2022 End of Session Highligts

Thank you for staying in touch over the past two years by contributing your ideas and sharing your stories and your concerns. The 2021/2022 legislative session will go down in the history books as the “COVID Biennium.” This pandemic has continued to reveal the gaps and inequities in our system, has tested our institutions and forced us to think creatively. In Vermont, we’ve taken bold action to meet our challenges together and I’m proud of our state budget and the collaborative work lawmakers put in over the last two years.

As your State Representative I carried your priorities with me as I worked diligently to ensure that the millions of dollars coming into the state were put to immediate and effective use in response to the crisis. I ran for office in 2018 because I care deeply about the future of our small rural communities. The last two years have been extremely challenging, but also filled with many bright spots. It has been an honor to serve Guilford and Vernon and to bring my spirit of collaboration, creative thinking and values to this work.

During the 2022 session I focused my energy on supporting families and small businesses who have been impacted by the pandemic; addressing the complex and interconnected challenges of housing, child care and the workforce; investing in strategies to combat climate change; supporting our students, teachers and schools; and investing in the build-out of broadband and infrastructure for our rural communities. Over the last two years I championed reproductive rights, climate action and investments in rural broadband; stood up for racial justice and worked for more just and equitable policies in the realms of criminal justice, policing, education and environmental justice. I also co-sponsored legislation to address climate change, increase investments in affordable child care and housing, modernize our transportation sector and successfully advocated for resources for our rural communities which included $15.9 million for capital investments in our libraries to improve community access to highspeed internet; and $9 million for the creative sector’s economic recovery. And there’s a lot more to do. I believe we must collectively push forward to make essential changes so Vermont is a state where all of us can thrive, not just a select few.

This newsletter is longer than usual as it includes highlights from the 2022 session. You can also visit my legislative page to see the bills I co-sponsored and how I voted on all the bills that came to the House floor.

While the session has ended, I look forward to meeting and talking with neighbors. Please know that I am available to answer questions, help you connect with resources, and listen to your priorities.

It has truly been an honor to represent the people of Guilford and Vernon in the Vermont House of Representatives, and I hope to earn your vote in this next election and continue to be a strong voice for Guilford and Vernon in the Vermont House.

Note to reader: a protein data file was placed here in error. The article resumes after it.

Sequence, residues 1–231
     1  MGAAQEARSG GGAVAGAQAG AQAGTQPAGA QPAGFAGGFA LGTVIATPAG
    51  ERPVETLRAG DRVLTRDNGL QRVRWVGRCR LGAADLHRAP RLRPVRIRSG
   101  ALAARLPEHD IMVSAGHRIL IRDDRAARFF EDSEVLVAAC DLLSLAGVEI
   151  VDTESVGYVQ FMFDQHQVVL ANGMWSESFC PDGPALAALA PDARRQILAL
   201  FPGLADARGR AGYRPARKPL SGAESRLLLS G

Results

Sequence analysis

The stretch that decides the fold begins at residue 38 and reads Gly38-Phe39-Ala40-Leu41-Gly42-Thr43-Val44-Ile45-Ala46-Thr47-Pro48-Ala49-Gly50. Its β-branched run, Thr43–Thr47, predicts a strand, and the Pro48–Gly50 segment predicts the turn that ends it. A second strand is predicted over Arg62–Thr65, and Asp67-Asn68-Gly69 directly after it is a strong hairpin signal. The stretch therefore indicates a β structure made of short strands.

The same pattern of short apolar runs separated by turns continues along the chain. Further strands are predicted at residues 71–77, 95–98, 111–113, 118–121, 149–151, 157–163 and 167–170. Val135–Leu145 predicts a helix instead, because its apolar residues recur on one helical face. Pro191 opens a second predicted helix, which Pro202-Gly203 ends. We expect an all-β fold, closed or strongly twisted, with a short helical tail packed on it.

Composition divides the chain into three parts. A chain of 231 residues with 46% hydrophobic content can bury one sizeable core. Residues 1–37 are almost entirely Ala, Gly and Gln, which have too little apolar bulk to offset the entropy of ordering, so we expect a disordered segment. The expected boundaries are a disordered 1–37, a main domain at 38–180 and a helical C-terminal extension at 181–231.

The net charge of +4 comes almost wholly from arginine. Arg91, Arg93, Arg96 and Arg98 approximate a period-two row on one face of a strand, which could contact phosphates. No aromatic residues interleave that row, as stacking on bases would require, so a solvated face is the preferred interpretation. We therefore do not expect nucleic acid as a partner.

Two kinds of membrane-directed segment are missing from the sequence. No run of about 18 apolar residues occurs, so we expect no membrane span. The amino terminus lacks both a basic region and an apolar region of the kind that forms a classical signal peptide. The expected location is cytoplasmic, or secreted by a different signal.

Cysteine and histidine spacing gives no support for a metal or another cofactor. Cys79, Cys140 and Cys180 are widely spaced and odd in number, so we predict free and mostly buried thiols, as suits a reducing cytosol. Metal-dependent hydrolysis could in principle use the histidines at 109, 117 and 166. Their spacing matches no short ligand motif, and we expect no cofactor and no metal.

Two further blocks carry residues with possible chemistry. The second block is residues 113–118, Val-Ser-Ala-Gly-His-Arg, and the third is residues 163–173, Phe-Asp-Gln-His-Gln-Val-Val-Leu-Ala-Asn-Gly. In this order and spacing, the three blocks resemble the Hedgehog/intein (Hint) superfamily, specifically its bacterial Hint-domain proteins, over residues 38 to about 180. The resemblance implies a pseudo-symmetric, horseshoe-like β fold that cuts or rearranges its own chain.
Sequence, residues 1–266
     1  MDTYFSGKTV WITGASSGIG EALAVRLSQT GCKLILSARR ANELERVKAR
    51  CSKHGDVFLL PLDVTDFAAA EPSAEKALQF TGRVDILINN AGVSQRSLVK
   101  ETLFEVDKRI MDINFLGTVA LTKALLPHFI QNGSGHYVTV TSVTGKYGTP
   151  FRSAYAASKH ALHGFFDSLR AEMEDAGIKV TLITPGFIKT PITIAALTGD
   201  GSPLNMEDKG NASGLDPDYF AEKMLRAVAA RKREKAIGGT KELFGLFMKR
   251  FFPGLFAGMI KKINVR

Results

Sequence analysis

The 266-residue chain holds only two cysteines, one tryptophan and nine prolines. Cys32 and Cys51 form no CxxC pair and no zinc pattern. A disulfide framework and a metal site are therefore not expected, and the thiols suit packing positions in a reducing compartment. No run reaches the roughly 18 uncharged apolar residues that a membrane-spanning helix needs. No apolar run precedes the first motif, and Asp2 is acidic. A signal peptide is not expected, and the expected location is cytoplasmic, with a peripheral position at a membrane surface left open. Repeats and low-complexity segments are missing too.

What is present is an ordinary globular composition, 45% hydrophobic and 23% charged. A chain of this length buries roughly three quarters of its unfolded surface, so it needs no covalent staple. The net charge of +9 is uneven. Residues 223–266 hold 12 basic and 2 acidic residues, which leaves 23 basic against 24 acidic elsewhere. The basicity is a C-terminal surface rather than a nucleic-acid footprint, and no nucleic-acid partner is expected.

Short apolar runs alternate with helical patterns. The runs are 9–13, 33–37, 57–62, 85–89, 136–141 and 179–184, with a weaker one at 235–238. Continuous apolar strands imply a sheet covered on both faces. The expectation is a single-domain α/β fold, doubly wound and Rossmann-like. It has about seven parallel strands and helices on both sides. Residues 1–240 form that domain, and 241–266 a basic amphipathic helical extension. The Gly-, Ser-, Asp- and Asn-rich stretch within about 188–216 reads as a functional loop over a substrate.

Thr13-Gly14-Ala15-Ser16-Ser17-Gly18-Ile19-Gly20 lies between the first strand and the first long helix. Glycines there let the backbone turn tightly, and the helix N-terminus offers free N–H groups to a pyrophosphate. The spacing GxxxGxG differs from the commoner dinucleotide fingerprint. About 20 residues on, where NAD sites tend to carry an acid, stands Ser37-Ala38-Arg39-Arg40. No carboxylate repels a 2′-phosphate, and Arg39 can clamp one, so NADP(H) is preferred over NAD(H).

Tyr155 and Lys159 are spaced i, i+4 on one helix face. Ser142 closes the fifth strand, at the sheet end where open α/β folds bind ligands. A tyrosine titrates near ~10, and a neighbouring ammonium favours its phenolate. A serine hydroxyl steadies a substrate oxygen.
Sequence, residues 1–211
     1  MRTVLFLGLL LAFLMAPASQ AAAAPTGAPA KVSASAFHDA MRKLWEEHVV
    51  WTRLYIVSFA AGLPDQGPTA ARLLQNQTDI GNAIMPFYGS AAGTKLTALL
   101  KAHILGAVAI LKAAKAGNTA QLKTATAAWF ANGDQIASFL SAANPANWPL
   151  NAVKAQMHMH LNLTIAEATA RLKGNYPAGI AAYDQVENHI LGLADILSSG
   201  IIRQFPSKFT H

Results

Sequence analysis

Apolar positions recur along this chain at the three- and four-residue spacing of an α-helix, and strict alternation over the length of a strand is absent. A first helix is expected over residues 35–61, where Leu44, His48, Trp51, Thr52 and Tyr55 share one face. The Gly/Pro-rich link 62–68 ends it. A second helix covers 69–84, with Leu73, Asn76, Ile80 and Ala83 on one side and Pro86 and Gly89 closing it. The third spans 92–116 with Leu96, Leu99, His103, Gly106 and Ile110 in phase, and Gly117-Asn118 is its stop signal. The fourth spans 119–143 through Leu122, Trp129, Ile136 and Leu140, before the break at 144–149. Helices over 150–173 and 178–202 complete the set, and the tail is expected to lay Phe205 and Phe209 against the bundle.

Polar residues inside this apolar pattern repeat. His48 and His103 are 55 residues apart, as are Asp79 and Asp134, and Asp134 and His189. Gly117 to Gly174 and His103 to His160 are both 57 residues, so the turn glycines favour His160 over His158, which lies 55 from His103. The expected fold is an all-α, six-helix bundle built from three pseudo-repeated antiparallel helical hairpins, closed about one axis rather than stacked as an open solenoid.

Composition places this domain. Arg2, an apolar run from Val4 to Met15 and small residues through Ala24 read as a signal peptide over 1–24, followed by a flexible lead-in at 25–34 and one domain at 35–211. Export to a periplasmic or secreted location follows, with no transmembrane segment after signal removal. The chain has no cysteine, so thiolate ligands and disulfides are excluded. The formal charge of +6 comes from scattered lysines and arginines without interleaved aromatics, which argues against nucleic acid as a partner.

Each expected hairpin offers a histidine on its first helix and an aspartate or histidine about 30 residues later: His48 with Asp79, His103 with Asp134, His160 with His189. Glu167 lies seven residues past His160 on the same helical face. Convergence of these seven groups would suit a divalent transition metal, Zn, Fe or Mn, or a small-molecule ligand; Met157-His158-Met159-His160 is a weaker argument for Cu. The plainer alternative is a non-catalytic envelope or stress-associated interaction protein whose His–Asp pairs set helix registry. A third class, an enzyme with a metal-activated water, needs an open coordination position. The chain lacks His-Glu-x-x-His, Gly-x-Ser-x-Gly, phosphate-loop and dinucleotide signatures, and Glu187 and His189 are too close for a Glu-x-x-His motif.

Stay in touch and stay safe!


A Balanced and Transformative State Budget

The FY2023 state budget (H.740) totals $8.3 billion, a 5 percent increase over the current fiscal year. The budget honors the commitment the legislature made at the beginning of the pandemic: to support Vermonters, their families, and their communities across all 14 counties, and to leave no one behind in a strong statewide recovery.

That commitment includes investing $453.7 million in federal COVID relief in five broad areas: Economy, Workforce, and Communities; Housing; Broadband Connectivity; Climate Action; and Clean Water. Those investments, added to FY2022 investments, complete the allocations of the $1.2 billion received through the federal American Rescue Plan Act.

The budget includes a long-overdue rate increase of 8 percent to community mental health providers, designated agencies, specialized service agencies, and home health care providers. It provides millions to support substance abuse disorder prevention and recovery. It includes increased funds for Adult Day programs, Vermont Legal Aid and the Vermont Health Care Advocate.

We’re investing $96 million in broadband projects and $137.8 million in community, workforce and economic development. The University of Vermont base budget is increased by $10 million, the first increase in 14 years. The Vermont State College System also has a base increase of $10 million, plus $14.9 million to serve as a “bridge” in their ongoing transition to fiscal and operational stability. Coverage is expanded by $4.9 million for working families within the Child Care Financial Assistance Program.

This year’s investments in housing programs, including the “missing middle” and manufactured housing, total $90 million. Transformational climate and water initiatives include $80 million for weatherization and $45 million for municipal energy resilience grants. There is also $8 million for advanced metering infrastructure and over $60 million for additional electrification initiatives.